The Queensland Bottle Tree, Brachychiton rupestris, gained its name from its bulbous trunk, which can get up to 11' in diameter.

bottle tree
Bottle Tree Photo by Abdul Zreika on Unsplash

It can easily be transplanted and large specimens of this tree have been moved within Australia and throughout the world, often with little or no roots attached and with considerable time between digging an replanting.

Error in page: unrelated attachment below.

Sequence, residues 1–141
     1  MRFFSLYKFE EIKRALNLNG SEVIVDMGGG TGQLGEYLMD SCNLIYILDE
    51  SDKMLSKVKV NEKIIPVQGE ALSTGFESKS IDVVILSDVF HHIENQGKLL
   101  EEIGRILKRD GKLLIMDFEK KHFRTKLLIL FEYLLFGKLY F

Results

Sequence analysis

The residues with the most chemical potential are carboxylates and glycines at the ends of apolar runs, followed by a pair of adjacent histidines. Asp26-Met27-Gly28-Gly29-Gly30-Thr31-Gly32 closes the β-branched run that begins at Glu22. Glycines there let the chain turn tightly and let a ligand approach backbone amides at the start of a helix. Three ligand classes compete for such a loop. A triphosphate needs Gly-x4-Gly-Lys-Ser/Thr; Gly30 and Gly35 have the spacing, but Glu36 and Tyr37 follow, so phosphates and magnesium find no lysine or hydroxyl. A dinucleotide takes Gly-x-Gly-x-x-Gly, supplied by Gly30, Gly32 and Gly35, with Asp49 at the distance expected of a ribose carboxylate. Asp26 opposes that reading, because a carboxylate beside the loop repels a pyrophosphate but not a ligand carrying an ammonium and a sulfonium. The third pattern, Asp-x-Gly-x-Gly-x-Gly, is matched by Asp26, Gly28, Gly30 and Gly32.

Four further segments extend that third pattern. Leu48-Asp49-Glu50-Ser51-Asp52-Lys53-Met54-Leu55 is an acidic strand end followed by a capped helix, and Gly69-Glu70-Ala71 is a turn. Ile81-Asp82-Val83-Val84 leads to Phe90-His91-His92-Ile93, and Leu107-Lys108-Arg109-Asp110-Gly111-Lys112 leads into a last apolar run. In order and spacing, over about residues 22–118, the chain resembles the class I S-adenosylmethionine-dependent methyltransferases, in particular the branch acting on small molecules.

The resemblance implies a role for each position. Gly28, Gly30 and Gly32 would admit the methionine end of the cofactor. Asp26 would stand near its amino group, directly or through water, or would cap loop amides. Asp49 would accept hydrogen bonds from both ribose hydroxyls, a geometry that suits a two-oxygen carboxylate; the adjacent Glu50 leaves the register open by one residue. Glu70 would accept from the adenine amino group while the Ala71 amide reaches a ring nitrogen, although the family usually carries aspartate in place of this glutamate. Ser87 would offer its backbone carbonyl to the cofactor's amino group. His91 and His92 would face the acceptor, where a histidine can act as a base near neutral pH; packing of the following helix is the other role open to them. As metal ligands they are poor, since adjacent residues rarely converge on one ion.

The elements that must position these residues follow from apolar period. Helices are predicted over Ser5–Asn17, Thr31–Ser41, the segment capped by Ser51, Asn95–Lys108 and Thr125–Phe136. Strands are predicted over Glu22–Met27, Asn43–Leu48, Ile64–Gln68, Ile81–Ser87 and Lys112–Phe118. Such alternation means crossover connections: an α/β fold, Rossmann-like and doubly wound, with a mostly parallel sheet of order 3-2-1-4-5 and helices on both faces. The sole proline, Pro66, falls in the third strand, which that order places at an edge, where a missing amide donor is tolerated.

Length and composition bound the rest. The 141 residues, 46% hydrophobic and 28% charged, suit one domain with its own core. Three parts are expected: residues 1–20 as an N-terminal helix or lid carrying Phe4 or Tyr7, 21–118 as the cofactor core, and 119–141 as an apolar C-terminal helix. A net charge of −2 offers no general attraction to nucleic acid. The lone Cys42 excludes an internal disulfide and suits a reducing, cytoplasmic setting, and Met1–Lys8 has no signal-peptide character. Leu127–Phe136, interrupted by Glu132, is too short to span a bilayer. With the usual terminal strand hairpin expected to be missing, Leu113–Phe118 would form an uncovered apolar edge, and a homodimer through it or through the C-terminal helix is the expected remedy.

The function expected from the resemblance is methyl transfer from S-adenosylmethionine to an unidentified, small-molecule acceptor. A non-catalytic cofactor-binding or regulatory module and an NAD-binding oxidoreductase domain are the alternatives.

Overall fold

Aboriginal people made use of the trees through eating the roots of young plants and by consuming secretions from the trunk that were induced by wounds. Fiber obtained from the tree was also used to make nets. The leaves have been used for fodder and Queensland farmers often leave bottle trees as a potential food source when the land is cleared. During drought conditions, whole trees have been felled to feed stock. The soft edible pulp inside the trunk is exposed by removing the bark. The pulp is energy-rich but protein-poor, and occasional cases of nitrate poisoning have led to cattle deaths.